Legal Limbo: Stateless NSA Whistleblower Extends Asylum Bids
The fugitive National Security Agency whistleblower Edward Snowden, trapped in legal limbo in Moscow's Sheremetyevo airport, has requested asylum in over 20 countries, including Germany. Many of them have already refused to consider his bids.
Whistleblower Edward Snowden, who has been in the transit area of Moscow's Sheremetyevo airport for over a week, has applied for asylum in over 20 countries, including Germany.
The former CIA analyst has been on the run from US authorities since late May, after exposing the top secret surveillance programs conducted by the National Security Agency (NSA). Jürgen Trittin, parliamentary floor leader for the Green Party, said in a television interview on Monday that it was Germany's duty to take in Snowden.
"He should get safe haven here in Europe because he has done Europe a service," said Trittin. "Democratic countries should be ashamed that someone who has served democracy and revealed a massive breach of fundamental rights should need to seek refuge with despots who do not themselves uphold fundamental rights."
But Wolfgang Bosbach, a senior member of the Christian Democrats and chair of the Internal Affairs Committee in German parliament, believes the bid will fail.
Germany can take in "someone suffering political persecution but not someone sought on criminal charges," he told Bayerischer Rundfunk radio on Tuesday. "(Snowden) is not wanted because he is a member of a political opposition in the US or for racist or religious reasons but because the US accuses him of breaking the law."
According to a statement on the WikiLeaks website, Snowden also applied for asylum in Russia, Bolivia, Brazil, China, Cuba, Ecuador, France, Iceland, India, Italy, Ireland, Netherlands, Nicaragua, Spain and Venezuela.
But Russian news agencies on Tuesday quoted President Vladimir Putin's spokesman Dmitry Peskov as saying that Snowden withdrew his request after President Vladimir Putin laid out his terms.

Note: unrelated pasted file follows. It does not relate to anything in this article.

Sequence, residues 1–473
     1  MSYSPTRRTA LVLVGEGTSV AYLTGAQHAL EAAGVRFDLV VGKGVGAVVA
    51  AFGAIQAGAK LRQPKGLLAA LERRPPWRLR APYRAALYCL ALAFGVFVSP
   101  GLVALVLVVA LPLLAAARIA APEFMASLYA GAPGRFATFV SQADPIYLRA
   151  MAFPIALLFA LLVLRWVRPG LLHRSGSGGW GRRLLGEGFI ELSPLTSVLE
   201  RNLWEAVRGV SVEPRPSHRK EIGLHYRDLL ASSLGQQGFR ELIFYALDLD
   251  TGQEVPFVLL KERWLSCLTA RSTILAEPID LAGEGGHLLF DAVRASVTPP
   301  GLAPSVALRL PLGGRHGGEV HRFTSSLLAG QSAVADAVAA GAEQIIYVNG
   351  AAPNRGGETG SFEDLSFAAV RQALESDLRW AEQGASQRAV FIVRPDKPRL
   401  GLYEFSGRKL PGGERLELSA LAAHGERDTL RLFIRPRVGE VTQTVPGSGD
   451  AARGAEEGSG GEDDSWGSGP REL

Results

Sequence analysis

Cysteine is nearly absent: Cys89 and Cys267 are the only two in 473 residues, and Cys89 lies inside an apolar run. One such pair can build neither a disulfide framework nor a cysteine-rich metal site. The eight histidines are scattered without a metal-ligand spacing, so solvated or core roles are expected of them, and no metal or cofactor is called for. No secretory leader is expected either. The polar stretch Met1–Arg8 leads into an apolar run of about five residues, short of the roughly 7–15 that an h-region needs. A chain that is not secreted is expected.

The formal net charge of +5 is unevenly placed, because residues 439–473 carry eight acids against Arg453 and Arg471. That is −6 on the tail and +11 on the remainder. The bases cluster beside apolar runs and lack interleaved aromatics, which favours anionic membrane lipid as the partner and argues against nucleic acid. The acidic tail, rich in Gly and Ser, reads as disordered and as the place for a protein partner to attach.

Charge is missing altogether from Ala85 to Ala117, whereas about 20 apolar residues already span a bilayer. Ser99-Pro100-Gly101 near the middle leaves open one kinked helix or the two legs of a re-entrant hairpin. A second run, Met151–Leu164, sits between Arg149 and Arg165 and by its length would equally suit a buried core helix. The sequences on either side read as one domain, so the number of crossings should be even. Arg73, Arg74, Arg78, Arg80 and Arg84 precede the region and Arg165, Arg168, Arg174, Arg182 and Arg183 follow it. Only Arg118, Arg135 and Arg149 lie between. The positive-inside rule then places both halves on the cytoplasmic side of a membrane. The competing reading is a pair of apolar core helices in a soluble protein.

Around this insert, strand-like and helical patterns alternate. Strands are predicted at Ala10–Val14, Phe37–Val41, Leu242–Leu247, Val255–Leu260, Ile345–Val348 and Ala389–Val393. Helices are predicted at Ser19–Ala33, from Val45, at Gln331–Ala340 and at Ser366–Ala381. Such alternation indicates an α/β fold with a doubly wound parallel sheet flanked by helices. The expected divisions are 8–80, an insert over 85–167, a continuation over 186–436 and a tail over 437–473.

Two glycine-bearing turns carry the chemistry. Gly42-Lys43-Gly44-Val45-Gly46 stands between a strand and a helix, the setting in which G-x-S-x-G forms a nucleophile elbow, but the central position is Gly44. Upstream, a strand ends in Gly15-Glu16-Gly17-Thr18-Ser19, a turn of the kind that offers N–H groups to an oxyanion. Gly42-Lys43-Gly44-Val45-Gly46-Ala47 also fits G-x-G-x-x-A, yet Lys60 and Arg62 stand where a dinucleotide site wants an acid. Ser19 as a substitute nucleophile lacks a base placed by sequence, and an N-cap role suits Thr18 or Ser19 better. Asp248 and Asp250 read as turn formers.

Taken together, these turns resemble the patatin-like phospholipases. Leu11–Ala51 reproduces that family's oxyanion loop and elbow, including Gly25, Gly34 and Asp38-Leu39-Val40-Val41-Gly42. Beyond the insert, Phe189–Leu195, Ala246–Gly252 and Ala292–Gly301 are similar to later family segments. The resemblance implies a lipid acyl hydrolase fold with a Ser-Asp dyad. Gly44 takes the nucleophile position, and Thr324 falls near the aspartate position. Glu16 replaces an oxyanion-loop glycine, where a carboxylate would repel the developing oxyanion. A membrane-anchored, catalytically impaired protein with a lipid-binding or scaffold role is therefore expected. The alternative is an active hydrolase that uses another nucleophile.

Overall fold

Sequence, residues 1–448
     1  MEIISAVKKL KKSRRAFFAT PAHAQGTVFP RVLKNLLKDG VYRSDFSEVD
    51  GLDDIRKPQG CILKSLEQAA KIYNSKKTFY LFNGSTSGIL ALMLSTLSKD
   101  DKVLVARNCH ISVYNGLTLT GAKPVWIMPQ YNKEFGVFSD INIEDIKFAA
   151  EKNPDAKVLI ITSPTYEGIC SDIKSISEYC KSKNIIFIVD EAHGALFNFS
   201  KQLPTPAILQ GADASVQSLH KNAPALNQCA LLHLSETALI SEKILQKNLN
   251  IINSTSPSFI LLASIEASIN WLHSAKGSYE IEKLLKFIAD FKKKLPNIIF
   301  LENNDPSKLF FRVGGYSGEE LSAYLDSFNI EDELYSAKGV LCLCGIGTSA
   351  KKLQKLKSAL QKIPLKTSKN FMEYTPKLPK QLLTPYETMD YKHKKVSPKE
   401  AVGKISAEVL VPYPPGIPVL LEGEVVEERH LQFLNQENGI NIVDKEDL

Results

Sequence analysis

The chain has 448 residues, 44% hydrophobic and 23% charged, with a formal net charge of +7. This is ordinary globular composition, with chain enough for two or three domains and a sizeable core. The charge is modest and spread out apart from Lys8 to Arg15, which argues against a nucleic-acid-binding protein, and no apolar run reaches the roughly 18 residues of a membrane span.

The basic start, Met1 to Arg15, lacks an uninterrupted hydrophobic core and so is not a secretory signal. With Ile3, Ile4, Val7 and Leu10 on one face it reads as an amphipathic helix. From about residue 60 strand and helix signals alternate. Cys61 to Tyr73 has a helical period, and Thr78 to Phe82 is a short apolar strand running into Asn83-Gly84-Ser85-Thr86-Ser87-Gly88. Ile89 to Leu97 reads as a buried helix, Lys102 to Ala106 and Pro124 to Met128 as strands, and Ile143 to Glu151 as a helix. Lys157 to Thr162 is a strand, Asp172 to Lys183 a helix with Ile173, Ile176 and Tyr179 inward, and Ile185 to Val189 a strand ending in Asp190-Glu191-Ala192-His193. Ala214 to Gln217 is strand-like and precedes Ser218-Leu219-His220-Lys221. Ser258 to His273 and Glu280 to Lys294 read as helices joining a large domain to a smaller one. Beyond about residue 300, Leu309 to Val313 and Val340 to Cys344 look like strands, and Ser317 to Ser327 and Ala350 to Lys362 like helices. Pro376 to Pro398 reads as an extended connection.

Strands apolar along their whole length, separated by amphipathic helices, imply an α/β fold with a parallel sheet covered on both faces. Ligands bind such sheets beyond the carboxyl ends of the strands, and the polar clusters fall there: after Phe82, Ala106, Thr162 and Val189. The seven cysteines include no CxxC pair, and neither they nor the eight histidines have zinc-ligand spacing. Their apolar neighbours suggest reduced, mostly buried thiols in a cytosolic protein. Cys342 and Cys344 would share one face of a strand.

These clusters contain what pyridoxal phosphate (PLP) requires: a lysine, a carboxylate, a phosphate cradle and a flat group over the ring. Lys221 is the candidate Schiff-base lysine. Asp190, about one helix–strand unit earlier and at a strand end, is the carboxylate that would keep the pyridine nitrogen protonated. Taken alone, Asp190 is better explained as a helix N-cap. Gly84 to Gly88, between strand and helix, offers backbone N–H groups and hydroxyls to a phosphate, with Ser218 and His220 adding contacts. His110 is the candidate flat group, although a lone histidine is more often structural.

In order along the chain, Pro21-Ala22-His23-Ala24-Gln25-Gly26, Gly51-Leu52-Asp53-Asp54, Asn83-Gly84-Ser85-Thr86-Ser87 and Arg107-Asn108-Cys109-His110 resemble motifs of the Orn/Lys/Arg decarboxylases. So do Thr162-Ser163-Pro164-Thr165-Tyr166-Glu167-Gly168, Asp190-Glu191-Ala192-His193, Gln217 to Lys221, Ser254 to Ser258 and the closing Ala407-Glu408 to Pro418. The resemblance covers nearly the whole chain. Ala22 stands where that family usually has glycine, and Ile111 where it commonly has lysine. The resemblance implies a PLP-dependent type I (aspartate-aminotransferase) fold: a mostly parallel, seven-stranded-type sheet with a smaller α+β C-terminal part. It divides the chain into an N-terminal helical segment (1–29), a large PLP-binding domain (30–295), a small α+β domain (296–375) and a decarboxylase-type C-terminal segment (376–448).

"If he wants to go somewhere and there are those who would take him, he is welcome to do so," Putin said at a news conference on Monday. "If he wants to stay here, there is one condition: He must stop his activities aimed at inflicting damage on our American partners, no matter how strange it may sound coming from my lips."
Meanwhile, several of the other countries where Snowden has applied for asylum have noted that he cannot apply from abroad. Officials in Germany, Norway, Austria, Poland, Finland and Switzerland have reportedly said an application can only be considered if it is made on their soil.
Still, some in Germany believe that Berlin should initiate contact with Snowden by virtue of him being a vital witness in a potential crime against Germany -- namely extensive espionage. Green Party parliamentarian Hans-Christian Ströbele said on Tuesday: "With even federal prosecutors investigating possible espionage against Germany, the government shouldn't just offer Snowden asylum, but also -- as with the tax informants in Switzerland -- perhaps even witness protection." Ströbele was referring to CDs obtained by German officials in recent years containing the names and bank account details of people suspected of having evaded German taxes.
"Citizenship as a Weapon"
Snowden has been on the run since the US filed espionage charges against him. Initial attempts to gain political asylum in Ecuador, which facilitated his flight to Moscow from Hong Kong with a temporary travel pass and whose London embassy is currently sheltering WikiLeaks founder Julian Assange, have reportedly been aborted after the Ecuadorian government sent out mixed messages. In an interview on Monday with British daily The Guardian, Ecuador's President Rafael Correa said that Snowden was Russia's responsibility and would have to reach Ecuadorean territory before the country would consider any asylum request.
The same day, Snowden released a statement via WikiLeaks in which he slammed the Obama administration, accusing it of "using citizenship as a weapon," leaving him unable to leave the airport in Moscow, and pressurizing the international community not to help him.
"President Obama declared before the world that he would not permit any diplomatic 'wheeling and dealing' over my case," he wrote. "Yet now it is being reported that after promising not to do so, the president ordered his vice president to pressure the leaders of nations from which I have requested protection to deny my asylum petitions."
"Although I am convicted of nothing, (the US) has unilaterally revoked my passport, leaving me a stateless person," he said. "Without any judicial order, the administration now seeks to stop me exercising a basic right. A right that belongs to everybody. The right to seek asylum."
jlp -- with wire reports
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